At first instance, the freezing injunctions were discharged. The Court of Appeal upheld that decision, holding that the claimant's failure to progress the English proceedings "expeditiously" following the grant of the freezing injunctions was an abuse of process. The claimants' decision to put the English litigation on hold indefinitely to await the developments of the Turkish litigation ("warehousing") was also an abuse, as was the failure to comply with the undertakings given by the claimants on the grant of the injunctions, to serve the claim forms as soon as practicable.
Popplewell J had ordered an inquiry as to the damages suffered by the defendants, to be paid by the claimants under the cross-undertaking given by the claimants in support of the freezing orders. However, the Court of Appeal discharged that order holding that whilst the claimants' delay was "more reprehensible", the defendants own delay in asking for an inquiry could not be discounted: an 8 year delay was an "excessively long time". Lord Justice Longmore found that the defendants' delay was not "credible and understandable" as money had been freely available to the defendants for them to conduct the Turkish litigation. They could have applied for the discharge of the injunction earlier.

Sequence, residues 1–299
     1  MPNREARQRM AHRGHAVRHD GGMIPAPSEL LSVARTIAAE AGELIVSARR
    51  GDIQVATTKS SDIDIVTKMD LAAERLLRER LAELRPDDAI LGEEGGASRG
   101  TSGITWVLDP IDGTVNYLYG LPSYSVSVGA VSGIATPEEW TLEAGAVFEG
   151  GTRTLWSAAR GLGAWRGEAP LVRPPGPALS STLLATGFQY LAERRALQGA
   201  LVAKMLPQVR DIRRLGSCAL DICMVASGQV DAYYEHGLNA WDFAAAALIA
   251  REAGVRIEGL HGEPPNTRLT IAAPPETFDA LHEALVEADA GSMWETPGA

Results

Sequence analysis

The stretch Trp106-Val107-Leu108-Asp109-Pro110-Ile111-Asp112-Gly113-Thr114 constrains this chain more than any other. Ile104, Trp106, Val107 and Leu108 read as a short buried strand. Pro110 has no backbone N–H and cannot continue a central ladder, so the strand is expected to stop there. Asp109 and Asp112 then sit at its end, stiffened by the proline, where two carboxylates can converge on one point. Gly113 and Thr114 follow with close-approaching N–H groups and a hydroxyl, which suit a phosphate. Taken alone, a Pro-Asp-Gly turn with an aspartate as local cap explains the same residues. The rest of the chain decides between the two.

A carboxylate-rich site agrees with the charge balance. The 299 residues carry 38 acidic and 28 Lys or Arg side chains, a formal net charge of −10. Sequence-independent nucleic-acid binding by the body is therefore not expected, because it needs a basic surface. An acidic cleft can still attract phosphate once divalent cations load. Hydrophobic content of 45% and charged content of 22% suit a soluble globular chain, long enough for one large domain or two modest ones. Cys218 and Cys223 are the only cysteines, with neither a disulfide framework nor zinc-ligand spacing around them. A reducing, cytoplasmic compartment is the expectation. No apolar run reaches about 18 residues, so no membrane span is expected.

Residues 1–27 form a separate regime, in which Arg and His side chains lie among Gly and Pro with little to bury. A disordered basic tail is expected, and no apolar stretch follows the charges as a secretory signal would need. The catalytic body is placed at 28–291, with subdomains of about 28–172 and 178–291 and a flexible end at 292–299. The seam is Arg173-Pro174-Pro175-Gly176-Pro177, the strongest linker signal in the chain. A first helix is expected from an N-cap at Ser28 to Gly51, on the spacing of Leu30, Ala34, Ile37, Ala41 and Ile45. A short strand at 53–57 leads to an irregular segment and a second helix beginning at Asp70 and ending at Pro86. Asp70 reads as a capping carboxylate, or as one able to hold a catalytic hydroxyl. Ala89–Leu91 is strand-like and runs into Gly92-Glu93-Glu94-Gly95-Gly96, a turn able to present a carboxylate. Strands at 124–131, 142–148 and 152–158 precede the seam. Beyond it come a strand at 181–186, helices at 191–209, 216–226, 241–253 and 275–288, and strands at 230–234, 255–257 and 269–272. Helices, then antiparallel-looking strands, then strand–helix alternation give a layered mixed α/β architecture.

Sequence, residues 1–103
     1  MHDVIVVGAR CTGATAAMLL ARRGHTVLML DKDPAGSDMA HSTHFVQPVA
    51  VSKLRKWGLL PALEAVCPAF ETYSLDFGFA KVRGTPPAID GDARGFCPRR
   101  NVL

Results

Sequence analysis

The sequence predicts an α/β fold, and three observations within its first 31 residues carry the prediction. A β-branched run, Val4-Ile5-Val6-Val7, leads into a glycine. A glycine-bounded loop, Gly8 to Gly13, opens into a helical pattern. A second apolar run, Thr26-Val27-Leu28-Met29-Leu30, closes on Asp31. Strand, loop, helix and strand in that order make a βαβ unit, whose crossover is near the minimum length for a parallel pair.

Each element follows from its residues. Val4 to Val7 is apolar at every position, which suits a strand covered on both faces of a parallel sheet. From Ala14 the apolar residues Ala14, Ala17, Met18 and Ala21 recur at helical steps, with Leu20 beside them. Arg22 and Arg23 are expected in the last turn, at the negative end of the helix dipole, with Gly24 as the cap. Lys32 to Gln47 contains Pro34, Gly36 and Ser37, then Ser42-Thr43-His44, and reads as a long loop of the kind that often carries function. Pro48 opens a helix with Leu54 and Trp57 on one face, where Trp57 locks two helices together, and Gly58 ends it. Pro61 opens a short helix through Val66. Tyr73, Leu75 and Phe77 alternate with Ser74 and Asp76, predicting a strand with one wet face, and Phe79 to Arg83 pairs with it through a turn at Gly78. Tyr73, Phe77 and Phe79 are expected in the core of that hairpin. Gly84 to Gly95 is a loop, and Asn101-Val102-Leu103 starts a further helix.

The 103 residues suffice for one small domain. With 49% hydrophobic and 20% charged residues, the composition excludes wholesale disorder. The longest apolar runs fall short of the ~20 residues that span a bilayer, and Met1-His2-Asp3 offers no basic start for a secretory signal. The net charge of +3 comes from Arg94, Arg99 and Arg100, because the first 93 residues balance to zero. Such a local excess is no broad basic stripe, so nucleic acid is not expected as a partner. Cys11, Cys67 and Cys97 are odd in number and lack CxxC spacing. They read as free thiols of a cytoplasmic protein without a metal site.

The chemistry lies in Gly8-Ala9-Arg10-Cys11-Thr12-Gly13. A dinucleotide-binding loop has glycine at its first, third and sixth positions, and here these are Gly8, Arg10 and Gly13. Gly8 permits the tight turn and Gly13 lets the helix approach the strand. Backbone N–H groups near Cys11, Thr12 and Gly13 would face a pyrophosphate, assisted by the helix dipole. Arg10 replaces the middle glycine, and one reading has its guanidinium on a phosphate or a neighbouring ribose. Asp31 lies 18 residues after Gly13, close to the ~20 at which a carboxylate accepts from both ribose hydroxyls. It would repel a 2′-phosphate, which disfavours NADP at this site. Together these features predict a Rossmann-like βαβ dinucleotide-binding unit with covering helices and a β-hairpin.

Overall, the judgement highlights the need to progress claims and respond to them in a timely manner, especially when there is a freezing injunction in place.
Please contact Hannah Harrison for more information